Intercultural openness in clubs

Integration, participation, intercultural openness and intercultural competence - what are these?

Integration means that all people who are lawfully and permanently living in Germany have equal opportunities enabling them to participate fully in society regardless of their culture, religion, origin and ethnicity. This is based on the fact that integration is not a one-way street, but is understood and practised as a dialogue between people with and without a migrant background (BMI (2009), Intercultural openness in sport - practical tips for associations, clubs, active individuals and interested parties, Rostock, P. 7).

Participation means giving everyone equal participation and access opportunities – to education and employment, society and politics and culture and sport (BMI (2009), Intercultural openness in sport - practical tips for associations, clubs, active individuals and interested parties, Rostock, P. 8).

In science and practice it is agreed that the term intercultural is based on a broad understanding of culture. It describes the everyday cultural characteristics in people's private life and working world. Culture is something dynamic in this context that is subject to constant change. Individuals in this context find themselves in a constant process of negotiation in their culture and in discourse between different cultural orientations.

Interculturalism in this context includes differences in gender, age, religion, sexual orientation or in the socio-economic situation or the differences in company and administrative cultures.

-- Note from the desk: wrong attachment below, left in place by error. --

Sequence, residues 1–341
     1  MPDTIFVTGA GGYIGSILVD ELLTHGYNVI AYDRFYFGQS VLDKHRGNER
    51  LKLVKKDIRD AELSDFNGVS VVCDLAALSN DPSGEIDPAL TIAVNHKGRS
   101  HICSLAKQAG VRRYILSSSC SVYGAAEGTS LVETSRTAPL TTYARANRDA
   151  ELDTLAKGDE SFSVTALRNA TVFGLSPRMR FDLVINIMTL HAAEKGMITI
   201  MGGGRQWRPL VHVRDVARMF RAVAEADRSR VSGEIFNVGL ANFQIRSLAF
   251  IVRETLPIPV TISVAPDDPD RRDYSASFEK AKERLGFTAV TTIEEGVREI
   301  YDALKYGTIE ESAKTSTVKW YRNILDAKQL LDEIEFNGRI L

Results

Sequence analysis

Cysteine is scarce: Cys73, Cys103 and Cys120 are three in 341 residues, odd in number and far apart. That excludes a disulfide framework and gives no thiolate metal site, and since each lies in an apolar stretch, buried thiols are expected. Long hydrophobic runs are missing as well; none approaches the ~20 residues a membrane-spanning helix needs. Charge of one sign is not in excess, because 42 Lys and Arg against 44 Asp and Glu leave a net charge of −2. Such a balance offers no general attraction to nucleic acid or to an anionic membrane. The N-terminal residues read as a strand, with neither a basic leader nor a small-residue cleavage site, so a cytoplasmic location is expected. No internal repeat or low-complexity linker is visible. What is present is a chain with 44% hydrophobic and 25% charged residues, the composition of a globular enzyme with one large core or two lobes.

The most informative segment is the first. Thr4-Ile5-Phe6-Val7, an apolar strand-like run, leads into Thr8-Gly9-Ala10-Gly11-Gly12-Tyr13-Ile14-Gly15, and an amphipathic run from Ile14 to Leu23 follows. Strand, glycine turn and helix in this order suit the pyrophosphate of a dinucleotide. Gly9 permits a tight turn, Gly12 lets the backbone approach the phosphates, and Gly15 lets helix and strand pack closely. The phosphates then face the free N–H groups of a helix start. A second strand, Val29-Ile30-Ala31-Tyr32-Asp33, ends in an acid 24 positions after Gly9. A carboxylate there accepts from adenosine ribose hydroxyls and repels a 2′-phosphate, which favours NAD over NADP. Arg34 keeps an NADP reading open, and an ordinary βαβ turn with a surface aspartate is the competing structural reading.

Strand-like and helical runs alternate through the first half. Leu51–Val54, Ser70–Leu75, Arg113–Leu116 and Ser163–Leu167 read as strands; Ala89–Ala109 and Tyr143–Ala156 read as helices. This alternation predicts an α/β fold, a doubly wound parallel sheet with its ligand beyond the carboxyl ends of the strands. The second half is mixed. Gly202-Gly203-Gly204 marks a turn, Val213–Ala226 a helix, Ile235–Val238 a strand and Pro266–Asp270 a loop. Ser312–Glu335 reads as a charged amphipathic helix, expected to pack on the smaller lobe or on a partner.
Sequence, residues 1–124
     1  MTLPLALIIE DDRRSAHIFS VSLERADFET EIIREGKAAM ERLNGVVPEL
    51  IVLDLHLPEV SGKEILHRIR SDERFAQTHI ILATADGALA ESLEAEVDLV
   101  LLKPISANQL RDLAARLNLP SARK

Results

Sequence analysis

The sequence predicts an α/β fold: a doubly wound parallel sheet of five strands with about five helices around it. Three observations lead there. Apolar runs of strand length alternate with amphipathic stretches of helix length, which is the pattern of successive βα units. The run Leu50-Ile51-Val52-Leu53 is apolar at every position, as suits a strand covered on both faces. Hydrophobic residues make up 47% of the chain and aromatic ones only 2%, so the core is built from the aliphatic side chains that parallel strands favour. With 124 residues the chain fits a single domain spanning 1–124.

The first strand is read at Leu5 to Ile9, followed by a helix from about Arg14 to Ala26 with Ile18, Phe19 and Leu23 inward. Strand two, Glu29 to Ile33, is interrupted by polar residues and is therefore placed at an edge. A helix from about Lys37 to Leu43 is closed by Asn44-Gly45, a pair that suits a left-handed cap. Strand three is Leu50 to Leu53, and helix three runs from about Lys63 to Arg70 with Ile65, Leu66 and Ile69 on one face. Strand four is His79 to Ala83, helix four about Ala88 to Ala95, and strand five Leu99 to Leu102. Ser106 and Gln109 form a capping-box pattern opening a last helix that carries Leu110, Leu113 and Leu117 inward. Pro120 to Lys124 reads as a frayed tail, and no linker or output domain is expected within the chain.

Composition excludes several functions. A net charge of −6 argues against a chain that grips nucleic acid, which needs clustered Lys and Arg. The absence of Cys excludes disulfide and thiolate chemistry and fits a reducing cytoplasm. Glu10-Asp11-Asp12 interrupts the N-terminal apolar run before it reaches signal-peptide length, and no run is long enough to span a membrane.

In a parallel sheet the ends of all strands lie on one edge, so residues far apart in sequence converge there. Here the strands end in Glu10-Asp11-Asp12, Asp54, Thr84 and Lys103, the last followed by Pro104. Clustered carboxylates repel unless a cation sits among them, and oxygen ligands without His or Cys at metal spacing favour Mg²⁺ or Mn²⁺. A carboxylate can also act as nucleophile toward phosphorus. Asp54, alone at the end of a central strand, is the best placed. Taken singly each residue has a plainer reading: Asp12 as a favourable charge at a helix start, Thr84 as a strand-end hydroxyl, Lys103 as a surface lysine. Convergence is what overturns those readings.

Openness as a second term seems clear and understandable. But if you consider that openness presupposes unity then the term opens up further dimensions. Unity can be based on conscious or subconscious mechanisms of exclusion. Power issues and interests are associated with this. However, openness is an active, consciously formed, (self-) reflective process with the aim of facilitating recognition between different people, ways of life and forms of organisation.

This project is based on the broad understanding of culture. Intercultural openness is regarded as a “consciously formed process that facilitates (self-) reflective learning and change processes by and between different people, ways of life and forms of organisation” according to research literature. It breaks down “access barriers and segregation mechanisms in the organisations that are to be opened up” (S. Handschuck & H. Schröer (2012): Intercultural orientation and openness: Theoretical principles and 50 implementation activities, Augsburg: the goal, P. 45).